Lusher's stepfather reacts to search for stepson's remains - Western Mass News - WGGB/WSHM

Lusher's stepfather reacts to search for stepson's remains

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For the third straight day, Massachusetts State Police searched Greenwater Pond for the remains of a Westfield teen murdered more than 20 years ago, and came up empty handed.

They told CBS 3 that there has been close to two dozen divers rotating in and out of the pond each of the last three days.

They said the chance of finding something right away was tougher than finding a needle in a haystack.

As the state police launched boats, at the pond again Thursday morning, they began to comb a part of the pond close to the size of a football field. They also dealt with water temperatures as cold as 44 degrees Fahrenheit.

"We had to manage expectations here for everybody's sake," said Lt. Col. Timothy Alben, head of the state police. "Particularly for a family that has suffered through this for 21 years, and wondering what happened."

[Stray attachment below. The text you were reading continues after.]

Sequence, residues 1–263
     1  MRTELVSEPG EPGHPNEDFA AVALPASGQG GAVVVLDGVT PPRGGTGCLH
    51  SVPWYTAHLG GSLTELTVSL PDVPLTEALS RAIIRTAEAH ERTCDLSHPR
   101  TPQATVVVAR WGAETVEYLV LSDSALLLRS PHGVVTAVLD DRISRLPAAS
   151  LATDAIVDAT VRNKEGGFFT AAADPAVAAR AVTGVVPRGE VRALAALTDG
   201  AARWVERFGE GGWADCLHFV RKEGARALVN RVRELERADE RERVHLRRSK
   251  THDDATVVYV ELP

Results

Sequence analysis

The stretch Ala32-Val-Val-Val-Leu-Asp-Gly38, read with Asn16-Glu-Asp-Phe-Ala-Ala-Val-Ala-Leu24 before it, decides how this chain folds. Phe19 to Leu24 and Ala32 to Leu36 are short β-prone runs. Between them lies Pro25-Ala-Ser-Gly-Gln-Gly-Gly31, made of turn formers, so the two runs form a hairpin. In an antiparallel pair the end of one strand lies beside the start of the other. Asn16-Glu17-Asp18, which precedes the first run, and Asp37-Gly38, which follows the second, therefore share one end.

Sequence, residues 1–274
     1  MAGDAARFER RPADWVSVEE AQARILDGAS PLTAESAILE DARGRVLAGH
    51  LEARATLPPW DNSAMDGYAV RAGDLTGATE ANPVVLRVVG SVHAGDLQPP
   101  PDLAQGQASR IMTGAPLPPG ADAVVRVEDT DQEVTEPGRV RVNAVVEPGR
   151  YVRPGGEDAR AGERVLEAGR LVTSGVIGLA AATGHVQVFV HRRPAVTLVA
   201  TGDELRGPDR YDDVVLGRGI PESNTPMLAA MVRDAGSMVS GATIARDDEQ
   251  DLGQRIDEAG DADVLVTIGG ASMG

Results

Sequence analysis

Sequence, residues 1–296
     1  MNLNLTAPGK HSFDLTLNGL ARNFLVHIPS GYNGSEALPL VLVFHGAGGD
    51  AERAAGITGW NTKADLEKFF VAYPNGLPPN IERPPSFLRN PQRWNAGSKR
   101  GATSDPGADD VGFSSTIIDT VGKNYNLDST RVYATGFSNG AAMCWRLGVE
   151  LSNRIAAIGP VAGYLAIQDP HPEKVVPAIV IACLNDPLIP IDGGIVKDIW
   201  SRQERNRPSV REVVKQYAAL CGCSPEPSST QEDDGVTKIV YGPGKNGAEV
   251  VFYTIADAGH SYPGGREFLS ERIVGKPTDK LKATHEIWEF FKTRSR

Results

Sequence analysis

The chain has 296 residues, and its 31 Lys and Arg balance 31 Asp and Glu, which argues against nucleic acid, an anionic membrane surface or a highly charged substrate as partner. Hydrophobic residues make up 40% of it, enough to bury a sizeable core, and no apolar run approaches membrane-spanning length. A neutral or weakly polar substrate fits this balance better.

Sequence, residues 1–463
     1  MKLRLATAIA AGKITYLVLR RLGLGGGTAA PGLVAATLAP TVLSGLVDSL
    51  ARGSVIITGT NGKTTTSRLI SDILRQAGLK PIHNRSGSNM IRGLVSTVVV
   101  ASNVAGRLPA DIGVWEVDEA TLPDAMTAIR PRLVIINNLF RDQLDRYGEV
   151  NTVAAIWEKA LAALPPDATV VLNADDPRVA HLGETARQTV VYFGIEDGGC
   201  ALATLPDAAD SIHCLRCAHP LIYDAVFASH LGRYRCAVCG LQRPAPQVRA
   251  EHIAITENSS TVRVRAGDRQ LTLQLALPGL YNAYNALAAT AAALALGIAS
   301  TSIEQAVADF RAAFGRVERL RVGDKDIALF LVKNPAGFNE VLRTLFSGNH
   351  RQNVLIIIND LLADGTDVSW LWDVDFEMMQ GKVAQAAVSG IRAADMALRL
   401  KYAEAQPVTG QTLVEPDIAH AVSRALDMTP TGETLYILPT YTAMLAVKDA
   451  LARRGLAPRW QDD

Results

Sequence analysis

"She [Joan] really died the day when Jamie went missing," said Bill Levakis, Lusher's stepfather, speaking of his wife.

Levakis married Joan in 1989.

16-year-old Jamie went missing three years later.

Levakis said Joan, who passed away two years ago, never gave up hope.

"She was a big part of this picture," said Levakis. "She used to go out looking every night, during the day. She would take time off from work. She even went to America's Most Wanted."

Levakis said the search for Jamie consumed his wife.

"She tried to put on this pretend face in public, but in the evening she would just fall apart," Levakis stated. "It was day after day after day. It was tough."

This week, police said that Lewis Lent admitted to killing Lusher in 1992.

Levakis said he tried to reach out to the convicted serial killer through police channels in the past.

"They were telling me that they didn't want me to wreck the case," said Levakis. "I said, it's been over 20 years. I'm not going to destroy the case in any way."

However, Levakis told CBS 3 that he may make the trip to see Lent no matter what.

"If this [search] does not resolve anything, I'm going to bypass the police and go there myself. I promised her I would try to resolve this case."

Levakis said he appreciates the effort by authorities this week.

State police said they would like to hear from anyone who has been on Greenwater Pond over the last two decades, and reeled in or noticed anything suspicious.

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